Ali Girard


The overlooked quality necessary to change leadership: grit

As I was cooking dinner a couple of weeks ago I listened to the Freakonomics podcast, How to Get More Grit in Your Life. In the podcast Angela Duckworth defines the concept of “grit”: passion and perseverance for especially long-term goals. She then goes on to describe how it relates to success and how to cultivate it in ourselves. It resonated with me and, after I finished my meal, I left the concept in the realm of personal application.

Now, as my organisation has begun to look toward transitioning the project I’m working on to operations, the idea of grit has resurfaced in my mind – particularly in the context of change leadership. In her Ted Talk, Duckworth says, “grit is living life like it’s a marathon – not a sprint.” Projects are a sprint (sometimes a gruelling one), but operations is a marathon.

Sustaining change is a long-term goal. In order to achieve that long-term goal, we need leaders with grit.

Here are the four traits of gritty people, as identified by Duckworth, and my thoughts on how they apply to change leadership through sustainment:


In the podcast, Duckworth states that in order to become an expert, one must “learn to substitute nuance for novelty.” Organisational leaders get distracted easily, and for good reason – there are often many changes afoot internally and within an industry. We expect another project to pop up as soon as one is completed. Yet, change is only successfully sustained when it is nurtured. A good change leader must maintain interest after “go-live” in order to maintain change.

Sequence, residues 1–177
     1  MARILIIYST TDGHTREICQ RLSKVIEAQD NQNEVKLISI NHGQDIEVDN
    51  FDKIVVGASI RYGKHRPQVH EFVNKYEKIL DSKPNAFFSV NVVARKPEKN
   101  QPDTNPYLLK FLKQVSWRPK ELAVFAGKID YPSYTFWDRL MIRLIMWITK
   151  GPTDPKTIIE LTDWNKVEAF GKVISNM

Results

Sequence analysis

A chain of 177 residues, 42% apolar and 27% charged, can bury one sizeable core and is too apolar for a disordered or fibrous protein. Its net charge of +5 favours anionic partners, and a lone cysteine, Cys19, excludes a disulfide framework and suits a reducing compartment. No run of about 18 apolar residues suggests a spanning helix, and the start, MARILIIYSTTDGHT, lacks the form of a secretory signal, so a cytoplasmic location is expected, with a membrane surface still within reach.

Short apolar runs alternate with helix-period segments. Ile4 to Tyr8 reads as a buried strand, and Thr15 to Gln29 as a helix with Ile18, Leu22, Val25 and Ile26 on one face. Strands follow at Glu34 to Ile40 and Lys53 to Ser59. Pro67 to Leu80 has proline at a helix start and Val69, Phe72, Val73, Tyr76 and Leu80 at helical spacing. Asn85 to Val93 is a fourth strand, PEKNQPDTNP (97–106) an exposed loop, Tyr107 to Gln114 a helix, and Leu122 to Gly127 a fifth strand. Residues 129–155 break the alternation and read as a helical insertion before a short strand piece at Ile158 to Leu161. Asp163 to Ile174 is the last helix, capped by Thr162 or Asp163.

Practice, specifically deliberate practice, is the act of using feedback to focus on specific techniques that will lead to improvement. Once a change is implemented, we are essentially “practising” that behaviour, process, etc. as often as the organisation requires. That could mean a certain behaviour is enacted every day. Yet, if leaders are not focused on gathering feedback to improve the application of a change, it will stagnate and could backslide. Deliberate practice in the organisational sense is essentially the process of “continuous improvement.” It is the change leader’s responsibility to ensure that it is pursued.


Purpose is about looking beyond the self and seeing how your work is connected to other people. This is key for a good change leader. It is much more likely that you will get recognition for implementing a change than for sustaining it. The satisfaction of working on change sustainment must come from recognising that sustaining the change serves others – whether this is the “greater good” or a direct impact to Becky in the cubicle across the way.


To quote Duckworth, “No matter where you are in your journey, there are going to be potholes and detours and things that might make you think that it’s not worth staying on this path.” Challenges will come up after the project team walks away. The change leader, the one who’s left behind, has to maintain the hope for the organisation – that the change was the right direction, and that it’s worth staying on the path.

I’ve added Duckworth’s new book, Grit: The Power of Passion and Perseverance, to my reading list and can’t wait to discover what other lessons it might contain.

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